When Italy, second only to Greece in the Eurozone for its debt ratio, saw the interest rates of its 10 year bonds increasing beyond 7% on 9th November 2011 (“Black Wednesday”), the EU, ECB and IMF Troika feared Euro currency would collapse should a country with such a large GDP default. Subsequently, Prime Minister Silvio Berlusconi was forced to resign. Whilst new elections were being scheduled, the neoliberal former European Commissioner Mario Monti was appointed interim Prime Minister. Unsurprisingly, his non-elected “Technical Government” has imposed drastic austerity measures and labour reforms on the country. At last, the Italian people, whose level of mistrust towards its political elite is amongst the highest in Europe, have been invited to participate in new general elections on 24th-25th February 2013. Ten days after these elections take place, Dr Toby Abse will explore their outcome and the likely implications for the Italian people and the rest of Europe, as well as the prospects for a real political alternative in the Peninsula. A lecturer in Modern European History at Goldsmiths, University of London, Dr Abse focuses his research on Italy and has written extensively on the country’s recent politics.
A combination of deepening socio-economic divisions and accelerating environmental limits, especially the impact of climate change, makes the next thirty years hugely challenging in terms of world-wide security. Paul Rogers will describe the underlying reasons for the predicament and what needs to be done. Will it be possible to move to a more equitable, emancipated and low carbon world and how important is the “Second Decade” of the 21st Century as the key period for effecting change?
Paul is Professor of Peace Studies at the University of Bradford. He lectures at universities and defence colleges in several countries and has written or edited 26 books, including ‘Losing Control: Global Security in the 21st Century’ (Pluto Press, 3rd edition, 2010) and ‘Why We’re Losing the War on Terror’ (Polity, 2008). He is the Oxford Research Group’s (ORG) Global Security Consultant and has worked in the field of international security, arms control and political violence for over 30 years. He writes Monthly Briefings analysing the international security situation for the ORG website, and since October 2001 has written a series of influential ORG Reports on international security and the ‘war on terror’, including ‘Global Security After the War on Terror’ (November 2009) and ‘Military Action Against Iran: Impact and Effects’ (July 2010).
The Angolan conflict, which had its roots in the anti-colonial struggles of the 1960s, seemed to defy the efforts of peace mediators as it continued until the beginning of the present century. It ended only when the state, buoyed by its status as an emerging oil power, destroyed its long-time enemy by force of arms. Justin Pearce is a research associate at the School of Oriental and African Studies and has spent time in Angola researching the civil war and its aftermath. As a newspaper journalist, southern Africa correspondent for the BBC news website and BBC world service correspondent in Luanda he had previously gained extensive experience of the Angolan conflict and the politics of southern Africa. He will talk about the political, economic and social challenges a decade after the end of the conflict, considering the social and political legacy of the war alongside the state’s ever more important role as a provider of energy to the China and the United States, and the demands of a post-war generation anxious for an equitable distribution of the country’s wealth.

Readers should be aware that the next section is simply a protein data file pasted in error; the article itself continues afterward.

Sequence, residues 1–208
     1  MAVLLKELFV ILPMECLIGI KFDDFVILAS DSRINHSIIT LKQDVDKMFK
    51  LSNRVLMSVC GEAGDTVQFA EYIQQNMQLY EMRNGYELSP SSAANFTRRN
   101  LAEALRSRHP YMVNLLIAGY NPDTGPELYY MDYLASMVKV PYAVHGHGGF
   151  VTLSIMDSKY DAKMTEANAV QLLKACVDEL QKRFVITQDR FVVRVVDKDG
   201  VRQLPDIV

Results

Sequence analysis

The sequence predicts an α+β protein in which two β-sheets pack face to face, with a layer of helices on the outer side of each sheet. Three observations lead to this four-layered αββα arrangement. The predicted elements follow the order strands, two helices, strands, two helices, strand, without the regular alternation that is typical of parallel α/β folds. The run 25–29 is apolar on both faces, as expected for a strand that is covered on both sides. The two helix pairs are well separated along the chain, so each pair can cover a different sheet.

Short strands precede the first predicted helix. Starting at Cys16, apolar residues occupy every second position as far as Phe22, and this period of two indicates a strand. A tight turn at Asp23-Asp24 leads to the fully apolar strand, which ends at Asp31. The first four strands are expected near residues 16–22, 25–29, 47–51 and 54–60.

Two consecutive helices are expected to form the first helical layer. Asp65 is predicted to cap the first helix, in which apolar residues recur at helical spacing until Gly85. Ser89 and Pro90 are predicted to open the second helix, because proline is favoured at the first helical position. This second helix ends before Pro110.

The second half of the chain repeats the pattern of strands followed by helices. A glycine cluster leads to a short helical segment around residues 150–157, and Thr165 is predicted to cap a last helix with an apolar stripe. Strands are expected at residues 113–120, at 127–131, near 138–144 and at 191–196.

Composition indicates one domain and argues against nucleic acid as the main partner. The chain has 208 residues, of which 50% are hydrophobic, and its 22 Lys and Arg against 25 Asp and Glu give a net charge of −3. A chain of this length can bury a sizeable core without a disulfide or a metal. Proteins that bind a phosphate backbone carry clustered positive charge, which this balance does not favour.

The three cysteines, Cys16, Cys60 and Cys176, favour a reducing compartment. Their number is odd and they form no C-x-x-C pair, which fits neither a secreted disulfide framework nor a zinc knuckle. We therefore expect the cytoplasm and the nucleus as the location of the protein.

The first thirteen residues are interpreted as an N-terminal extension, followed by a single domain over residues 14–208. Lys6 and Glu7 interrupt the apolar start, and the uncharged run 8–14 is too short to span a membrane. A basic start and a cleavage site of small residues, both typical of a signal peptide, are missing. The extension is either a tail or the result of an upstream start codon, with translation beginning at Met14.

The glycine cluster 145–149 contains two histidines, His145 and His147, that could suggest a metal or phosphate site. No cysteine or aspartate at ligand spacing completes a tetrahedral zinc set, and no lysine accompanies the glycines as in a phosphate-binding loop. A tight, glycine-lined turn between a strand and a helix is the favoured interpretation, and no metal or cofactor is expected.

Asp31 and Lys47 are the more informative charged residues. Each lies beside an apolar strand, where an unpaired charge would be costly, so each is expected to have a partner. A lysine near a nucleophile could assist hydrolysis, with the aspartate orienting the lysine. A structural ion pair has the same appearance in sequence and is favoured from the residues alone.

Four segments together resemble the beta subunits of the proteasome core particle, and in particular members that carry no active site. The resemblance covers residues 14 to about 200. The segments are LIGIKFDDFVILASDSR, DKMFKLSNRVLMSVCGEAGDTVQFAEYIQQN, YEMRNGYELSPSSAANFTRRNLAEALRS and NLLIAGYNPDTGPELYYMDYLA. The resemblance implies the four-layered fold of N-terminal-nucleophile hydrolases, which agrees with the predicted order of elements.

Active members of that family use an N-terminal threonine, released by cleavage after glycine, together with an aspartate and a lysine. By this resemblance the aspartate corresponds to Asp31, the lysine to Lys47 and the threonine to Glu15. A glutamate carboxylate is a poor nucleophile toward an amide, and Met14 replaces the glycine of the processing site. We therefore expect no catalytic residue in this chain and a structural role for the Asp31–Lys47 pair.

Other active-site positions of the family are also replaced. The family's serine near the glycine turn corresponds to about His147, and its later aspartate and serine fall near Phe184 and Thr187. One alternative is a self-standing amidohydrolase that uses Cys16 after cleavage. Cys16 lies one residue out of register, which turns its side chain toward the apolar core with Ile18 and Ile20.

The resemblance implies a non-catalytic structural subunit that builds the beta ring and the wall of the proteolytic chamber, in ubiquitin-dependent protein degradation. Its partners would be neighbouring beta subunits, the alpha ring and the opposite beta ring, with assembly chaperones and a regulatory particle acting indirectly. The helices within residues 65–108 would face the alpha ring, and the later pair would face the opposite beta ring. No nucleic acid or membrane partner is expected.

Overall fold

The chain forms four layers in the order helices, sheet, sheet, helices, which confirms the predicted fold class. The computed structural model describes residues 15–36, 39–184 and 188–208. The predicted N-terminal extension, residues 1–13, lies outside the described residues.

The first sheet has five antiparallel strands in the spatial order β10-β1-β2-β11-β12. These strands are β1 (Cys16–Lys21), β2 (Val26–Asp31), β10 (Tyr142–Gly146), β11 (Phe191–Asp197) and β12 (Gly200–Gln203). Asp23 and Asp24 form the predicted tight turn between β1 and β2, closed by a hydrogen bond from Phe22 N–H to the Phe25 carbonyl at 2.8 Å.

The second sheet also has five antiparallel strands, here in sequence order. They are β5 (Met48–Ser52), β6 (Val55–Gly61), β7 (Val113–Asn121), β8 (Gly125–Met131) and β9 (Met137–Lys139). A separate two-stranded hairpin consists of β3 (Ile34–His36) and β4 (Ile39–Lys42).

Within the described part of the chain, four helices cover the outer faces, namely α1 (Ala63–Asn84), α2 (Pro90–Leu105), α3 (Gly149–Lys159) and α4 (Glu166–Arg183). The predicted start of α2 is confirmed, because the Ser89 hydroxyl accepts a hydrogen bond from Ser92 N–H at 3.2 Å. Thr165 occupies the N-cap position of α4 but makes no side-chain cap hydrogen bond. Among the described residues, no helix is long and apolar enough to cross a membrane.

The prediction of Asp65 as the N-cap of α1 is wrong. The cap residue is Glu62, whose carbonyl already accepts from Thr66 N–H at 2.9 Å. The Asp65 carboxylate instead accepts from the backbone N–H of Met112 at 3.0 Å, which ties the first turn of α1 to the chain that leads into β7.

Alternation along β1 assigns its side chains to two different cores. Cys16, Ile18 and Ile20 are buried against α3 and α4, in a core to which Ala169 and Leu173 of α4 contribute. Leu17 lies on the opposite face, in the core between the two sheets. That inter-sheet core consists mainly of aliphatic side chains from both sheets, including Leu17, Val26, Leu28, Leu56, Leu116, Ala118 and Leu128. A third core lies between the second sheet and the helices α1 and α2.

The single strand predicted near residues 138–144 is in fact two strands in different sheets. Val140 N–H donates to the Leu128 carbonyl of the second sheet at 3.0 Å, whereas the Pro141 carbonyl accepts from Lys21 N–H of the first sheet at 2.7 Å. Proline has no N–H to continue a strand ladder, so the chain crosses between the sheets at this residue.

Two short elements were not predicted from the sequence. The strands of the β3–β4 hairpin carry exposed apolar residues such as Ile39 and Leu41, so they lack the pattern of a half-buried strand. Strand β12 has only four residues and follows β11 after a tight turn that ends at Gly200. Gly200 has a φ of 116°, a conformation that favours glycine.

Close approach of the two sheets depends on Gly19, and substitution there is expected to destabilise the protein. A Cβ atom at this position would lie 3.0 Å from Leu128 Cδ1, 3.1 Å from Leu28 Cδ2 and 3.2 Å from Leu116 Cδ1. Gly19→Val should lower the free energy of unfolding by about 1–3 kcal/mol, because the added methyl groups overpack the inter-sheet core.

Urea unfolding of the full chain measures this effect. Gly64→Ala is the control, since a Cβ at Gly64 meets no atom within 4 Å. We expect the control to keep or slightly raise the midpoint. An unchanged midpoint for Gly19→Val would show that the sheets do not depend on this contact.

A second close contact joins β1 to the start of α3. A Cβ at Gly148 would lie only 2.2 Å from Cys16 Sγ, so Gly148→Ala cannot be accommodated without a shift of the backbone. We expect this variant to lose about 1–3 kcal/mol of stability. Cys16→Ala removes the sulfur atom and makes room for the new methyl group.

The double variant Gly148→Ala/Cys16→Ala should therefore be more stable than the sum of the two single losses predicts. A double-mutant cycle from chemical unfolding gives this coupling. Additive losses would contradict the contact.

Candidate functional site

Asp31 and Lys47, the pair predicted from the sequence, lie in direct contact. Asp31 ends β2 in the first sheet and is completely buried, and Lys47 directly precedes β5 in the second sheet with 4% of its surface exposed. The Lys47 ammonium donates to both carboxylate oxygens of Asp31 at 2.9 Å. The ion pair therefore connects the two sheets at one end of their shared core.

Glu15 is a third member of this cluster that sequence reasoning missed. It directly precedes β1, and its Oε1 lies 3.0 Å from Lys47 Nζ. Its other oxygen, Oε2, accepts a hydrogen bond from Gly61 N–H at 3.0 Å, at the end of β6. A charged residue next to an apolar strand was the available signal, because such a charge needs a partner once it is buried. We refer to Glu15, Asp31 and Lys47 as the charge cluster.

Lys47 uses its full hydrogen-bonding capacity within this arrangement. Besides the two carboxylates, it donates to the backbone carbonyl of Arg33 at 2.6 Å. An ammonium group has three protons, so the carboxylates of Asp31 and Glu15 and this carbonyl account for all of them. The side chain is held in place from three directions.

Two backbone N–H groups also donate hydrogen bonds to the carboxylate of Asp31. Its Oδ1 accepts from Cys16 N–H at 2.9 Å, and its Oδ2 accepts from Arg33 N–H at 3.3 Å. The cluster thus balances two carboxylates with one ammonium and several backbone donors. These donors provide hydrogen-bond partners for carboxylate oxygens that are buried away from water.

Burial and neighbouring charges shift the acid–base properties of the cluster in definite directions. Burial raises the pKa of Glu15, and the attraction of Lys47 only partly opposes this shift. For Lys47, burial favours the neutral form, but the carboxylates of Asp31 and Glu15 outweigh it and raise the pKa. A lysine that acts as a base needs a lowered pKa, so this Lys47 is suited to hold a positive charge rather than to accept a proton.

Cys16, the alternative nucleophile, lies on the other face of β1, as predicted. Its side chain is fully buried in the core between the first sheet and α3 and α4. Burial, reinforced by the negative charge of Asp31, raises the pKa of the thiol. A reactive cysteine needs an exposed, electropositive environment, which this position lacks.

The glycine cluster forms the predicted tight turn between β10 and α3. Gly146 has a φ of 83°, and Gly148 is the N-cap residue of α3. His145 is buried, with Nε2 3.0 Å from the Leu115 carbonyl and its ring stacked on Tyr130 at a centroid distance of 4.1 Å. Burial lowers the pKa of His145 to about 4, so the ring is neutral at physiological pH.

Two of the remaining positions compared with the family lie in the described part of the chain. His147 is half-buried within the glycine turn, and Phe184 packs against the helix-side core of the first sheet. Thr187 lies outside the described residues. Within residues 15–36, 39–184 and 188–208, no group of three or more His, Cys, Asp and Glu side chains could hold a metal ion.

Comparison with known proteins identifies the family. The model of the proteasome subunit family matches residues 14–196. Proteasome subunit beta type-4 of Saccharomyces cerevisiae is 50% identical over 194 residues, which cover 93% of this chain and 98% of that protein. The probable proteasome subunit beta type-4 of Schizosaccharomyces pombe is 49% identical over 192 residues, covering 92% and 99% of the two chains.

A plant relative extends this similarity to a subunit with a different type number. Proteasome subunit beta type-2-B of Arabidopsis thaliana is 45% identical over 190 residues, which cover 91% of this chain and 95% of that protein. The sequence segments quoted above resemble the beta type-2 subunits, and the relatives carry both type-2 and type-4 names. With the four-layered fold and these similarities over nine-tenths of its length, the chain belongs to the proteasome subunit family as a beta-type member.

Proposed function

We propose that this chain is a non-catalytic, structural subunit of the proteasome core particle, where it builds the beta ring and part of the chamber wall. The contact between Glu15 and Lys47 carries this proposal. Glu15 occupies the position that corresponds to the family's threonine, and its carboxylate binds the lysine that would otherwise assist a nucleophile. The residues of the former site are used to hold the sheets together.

Conflicting geo-political interests in the Middle East makes the region a fulcrum for international conflict. Following the disastrous war against Iraq, the ramifications of the ‘Arab Spring’ uprisings have further alarmed the US-Saudi-Israeli nexus, and have already led to the NATO intervention in Libya, to calls for greater intervention in Syria, and to Western threats of war on Iran. Sami Ramadani will explore this explosive situation with us. He has been an active participant in campaigns against Saddam’s regime and in anti-war and anti-imperialist struggles for many years. He writes and speaks widely on Middle East issues and is a Guardian contributor. He is a member of the Steering Committee of the Stop the War Coalition (StWC).